Walking in the doors of Kleinhans, situated in the middle of the leafy Elmwood neighborhood, I thought I'd mistakenly stumbled into a high school auditorium. The hall, designed in 1940 by Eliel and Eero Saarinen, was considered state-of -the-art at the time of its construction, and still claims to have some of the best acoustics of any concert hall in the country. But, with its plain walnut walls and narrow green metal folding seats, it isn't all that inspiring to look at. 

Fortunately, the orchestra itself was far stronger than one might expect from this isolated city on the shores of Lake Erie. The concert opened with a new work by Buffalo-native Philip Rothman, Arc of Visibility, inspired by the lighthouse beams that guide ships to safety. After some early promise, with startling glissandi in the cellos and brisk, clanging percussion, it unfortunately devolved into a muddle of Hollywood-sounding music. 

Following were a pair of Gershwin's works for piano and orchestra. No, not the Rhapsody in Blue, but the less known Concerto in F and Rhapsody No. 2, confidently played by the exciting young pianist Orion Weiss. While missing some of Blue's toe-tapping excitement, these lesser-known works still showed plenty of swing and verve, if lacking somewhat in substance.

The concert ended with William Schuman's New England Triptych: an evocative homage to Ives' Three Places In New England. Schuman, who divided his time between composing and serving as president of both Juilliard and Lincoln Center, has been unfairly overlooked, with a catalog of that includes ballets, choral music, and no fewer than ten symphonies. One of his best known works, New England Triptych was driving and sonorous, tender and brisk, with long lyrical lines and brilliant textures. Finally, here was music you could sink your teeth into.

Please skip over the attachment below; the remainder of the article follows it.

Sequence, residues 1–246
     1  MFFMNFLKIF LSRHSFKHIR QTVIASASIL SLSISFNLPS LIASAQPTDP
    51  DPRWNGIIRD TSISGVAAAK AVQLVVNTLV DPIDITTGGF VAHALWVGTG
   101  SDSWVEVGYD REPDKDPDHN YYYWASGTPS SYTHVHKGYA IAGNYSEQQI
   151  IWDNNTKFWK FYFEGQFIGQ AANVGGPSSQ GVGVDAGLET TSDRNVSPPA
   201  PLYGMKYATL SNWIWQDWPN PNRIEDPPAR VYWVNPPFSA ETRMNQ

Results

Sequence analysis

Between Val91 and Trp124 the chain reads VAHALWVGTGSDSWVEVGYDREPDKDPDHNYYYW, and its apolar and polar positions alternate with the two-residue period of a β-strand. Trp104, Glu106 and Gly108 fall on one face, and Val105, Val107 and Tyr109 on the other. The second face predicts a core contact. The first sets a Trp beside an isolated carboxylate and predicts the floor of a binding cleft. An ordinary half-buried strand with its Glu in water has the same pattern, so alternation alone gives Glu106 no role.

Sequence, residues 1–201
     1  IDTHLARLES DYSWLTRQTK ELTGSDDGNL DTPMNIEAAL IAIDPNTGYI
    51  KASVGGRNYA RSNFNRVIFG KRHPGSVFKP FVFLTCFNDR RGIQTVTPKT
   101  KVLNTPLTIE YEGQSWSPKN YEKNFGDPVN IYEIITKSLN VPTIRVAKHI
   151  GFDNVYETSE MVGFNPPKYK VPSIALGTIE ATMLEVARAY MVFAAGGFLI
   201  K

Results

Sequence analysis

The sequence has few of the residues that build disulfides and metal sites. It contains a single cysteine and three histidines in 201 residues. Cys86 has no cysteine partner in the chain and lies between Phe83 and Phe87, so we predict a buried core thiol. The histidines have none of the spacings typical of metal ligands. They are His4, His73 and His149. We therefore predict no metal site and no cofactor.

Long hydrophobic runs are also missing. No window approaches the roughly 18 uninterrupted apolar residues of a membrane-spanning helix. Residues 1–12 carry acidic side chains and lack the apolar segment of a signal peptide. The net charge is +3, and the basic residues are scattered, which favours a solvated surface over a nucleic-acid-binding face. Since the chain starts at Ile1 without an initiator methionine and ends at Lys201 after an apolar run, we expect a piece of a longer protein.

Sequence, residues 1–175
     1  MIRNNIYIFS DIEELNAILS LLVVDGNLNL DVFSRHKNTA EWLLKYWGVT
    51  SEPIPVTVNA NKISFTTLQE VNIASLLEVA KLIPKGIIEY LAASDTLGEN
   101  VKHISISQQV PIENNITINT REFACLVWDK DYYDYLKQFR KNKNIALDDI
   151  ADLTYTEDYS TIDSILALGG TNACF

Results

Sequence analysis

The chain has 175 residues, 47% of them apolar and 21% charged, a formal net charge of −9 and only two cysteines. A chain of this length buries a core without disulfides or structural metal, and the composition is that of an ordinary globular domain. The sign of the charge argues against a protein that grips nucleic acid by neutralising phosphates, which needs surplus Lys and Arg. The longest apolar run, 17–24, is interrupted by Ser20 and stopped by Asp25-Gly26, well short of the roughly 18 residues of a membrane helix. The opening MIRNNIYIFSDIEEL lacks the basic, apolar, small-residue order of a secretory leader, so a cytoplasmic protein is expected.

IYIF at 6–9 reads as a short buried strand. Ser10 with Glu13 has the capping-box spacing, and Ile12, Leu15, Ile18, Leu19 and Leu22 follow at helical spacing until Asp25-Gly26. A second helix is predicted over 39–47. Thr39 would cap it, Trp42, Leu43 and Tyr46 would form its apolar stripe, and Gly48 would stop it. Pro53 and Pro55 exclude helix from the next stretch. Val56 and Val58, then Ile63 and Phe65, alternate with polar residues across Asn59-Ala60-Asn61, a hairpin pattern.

After spending so much time of late at Lincoln Center, a trip to hear this regional orchestra was sure to disappoint on some levels. But, for the folks that live in Buffalo, they should know that they have a real treasure in their backyard, offering them ready access to performances at the highest level of some of the great music of the past two centuries. 

Speaking of which, I'll be back again this Saturday for an excellent-sounding concert including Rautavaara's Isle of Bliss (1995), Elgar's Cello Concerto (with Lynn Harrell), and Brahms' 4th Symphony. Seems like a good way to stay out of the cold. 

More pics on Flickr.

City Opera: Intermezzo

Last Thursday, I had the opportunity to attend City Opera for the first time this season to see a performance of Richard Strauss' Intermezzo: a two-act comedy of manners about a composer and his forlorn wife, who mistakenly accuses her husband of adultery while he is out on tour. (Yes, the opera is based on a real event that took place between Strauss and his headstrong wife, Pauline.)

The singers were all solid, especially Nicholas Pallesen as the composer Storch, and Mary Dunleavy as his wife, Christine. And, from what I could tell, the orchestra sounded fine under music director George Manahan. But, the real star here is the opera itself, which flows effortlessly over its three hour length, with a delightful and cutting libretto written by Strauss himself. 

"You're always around the house," Christine says to Storch in the opening act. "Other husbands go off to the office."

"I never learned anything else," he replies. "My work brings me great pleasure."

"Work is never a pleasure."

Unfortunately, I wasn't able to stick around for the Act 4 afterparty, which featured free drinks and a performance by Active Child, fronted by former choir boy Pat Grossi. A nice throwback to the free Big Deal parties City Opera used to throw, before things went south on them a couple of years ago. Let's hope director George Steel has more tricks like that up his sleeve to help fend off the behemoth across the plaza. (More pics below.)